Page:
You have likely used an automatic exposure setting of some sort. Whenever you use an automatic or semi-automatic setting, for example P, S or A exposure modes, or an auto-ISO setting, you have not locked in the exposure on your Nikon 1 camera. As a result subtle changes in lighting can cause your Nikon 1 camera to adjust exposure while filming. This can cause a noticeable shift in exposure in your video clip.
If you want to use any of the semi-automatic exposure settings like P, A or S be sure to use the AE-L button on the back of the camera body to lock-in your exposure before taking you video clip. Your other option is to use the Manual exposure setting as well as a single dedicated ISO setting, e.g. ISO-400, and avoid any of the auto-ISO settings.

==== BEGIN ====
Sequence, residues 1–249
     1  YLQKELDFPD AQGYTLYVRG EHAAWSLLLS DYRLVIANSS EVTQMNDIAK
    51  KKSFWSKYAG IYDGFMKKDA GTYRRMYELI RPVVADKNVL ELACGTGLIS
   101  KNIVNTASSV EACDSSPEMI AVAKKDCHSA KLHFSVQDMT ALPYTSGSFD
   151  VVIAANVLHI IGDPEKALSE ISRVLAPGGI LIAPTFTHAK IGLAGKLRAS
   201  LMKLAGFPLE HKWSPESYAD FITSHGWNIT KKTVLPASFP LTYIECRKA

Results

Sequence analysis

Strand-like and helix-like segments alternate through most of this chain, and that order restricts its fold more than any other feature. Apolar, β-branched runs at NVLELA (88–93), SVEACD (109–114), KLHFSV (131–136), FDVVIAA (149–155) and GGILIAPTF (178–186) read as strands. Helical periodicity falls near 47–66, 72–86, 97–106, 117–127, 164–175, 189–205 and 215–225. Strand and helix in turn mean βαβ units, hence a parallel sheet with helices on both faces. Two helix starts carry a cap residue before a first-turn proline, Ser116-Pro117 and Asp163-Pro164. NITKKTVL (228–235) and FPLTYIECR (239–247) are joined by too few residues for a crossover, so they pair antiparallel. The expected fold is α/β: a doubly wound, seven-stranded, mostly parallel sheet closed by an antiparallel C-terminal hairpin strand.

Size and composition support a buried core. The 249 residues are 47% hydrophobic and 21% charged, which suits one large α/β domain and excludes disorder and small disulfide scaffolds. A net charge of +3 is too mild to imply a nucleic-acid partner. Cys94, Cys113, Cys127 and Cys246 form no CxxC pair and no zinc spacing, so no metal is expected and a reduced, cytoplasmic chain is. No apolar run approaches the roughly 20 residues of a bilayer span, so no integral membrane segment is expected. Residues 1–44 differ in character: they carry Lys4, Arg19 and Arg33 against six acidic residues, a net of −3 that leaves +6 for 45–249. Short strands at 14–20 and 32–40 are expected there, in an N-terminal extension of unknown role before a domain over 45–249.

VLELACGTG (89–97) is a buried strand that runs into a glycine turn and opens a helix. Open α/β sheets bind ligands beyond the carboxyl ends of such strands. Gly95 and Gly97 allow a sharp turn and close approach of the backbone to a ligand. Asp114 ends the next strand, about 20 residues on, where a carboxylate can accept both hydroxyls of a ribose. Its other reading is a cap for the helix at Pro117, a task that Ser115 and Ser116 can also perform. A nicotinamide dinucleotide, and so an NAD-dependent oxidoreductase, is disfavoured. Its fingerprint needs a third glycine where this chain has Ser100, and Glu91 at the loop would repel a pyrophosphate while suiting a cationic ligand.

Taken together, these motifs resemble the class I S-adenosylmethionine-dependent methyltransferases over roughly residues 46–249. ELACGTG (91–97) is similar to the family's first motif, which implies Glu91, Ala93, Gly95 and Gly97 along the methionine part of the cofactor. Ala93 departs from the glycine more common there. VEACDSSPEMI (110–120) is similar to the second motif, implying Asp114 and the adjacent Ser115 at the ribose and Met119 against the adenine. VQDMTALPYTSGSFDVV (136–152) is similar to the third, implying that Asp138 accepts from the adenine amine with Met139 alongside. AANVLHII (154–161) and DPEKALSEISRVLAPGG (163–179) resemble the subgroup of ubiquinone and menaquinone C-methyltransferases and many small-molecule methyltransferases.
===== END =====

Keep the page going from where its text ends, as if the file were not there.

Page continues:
NOTE: you can set the AF-L/AE-L control to lock both exposure and focus if desired, exposure only, or focus only.
Why does my camera sometimes change its focus during video recording?
You have used one of the automatic focusing options rather than using manual focusing or locking in your focus. If the main subject in your video clip (most often a person) moves closer or farther away, your Nikon 1 camera will try to automatically adjust focus on the subject, especially if you have face recognition turned on. This can cause some ‘hunting’ by your lens which can be very distracting. You can use the AF-L control on the rear panel to lock in your focus before you record your video clip, or use Manual focusing.
It is quite cumbersome to use manual focusing with most Nikon 1 lenses. Is there an easier way to do it?
At this point in time only the 1 Nikon 32mm f/1.2 and the CX 70-300 f/4.5-5.6 lens have external focusing rings. All of the other native Nikon 1 lenses require manual focusing to be done using controls in the camera body. This can be somewhat awkward and time consuming to do so I don’t bother using it.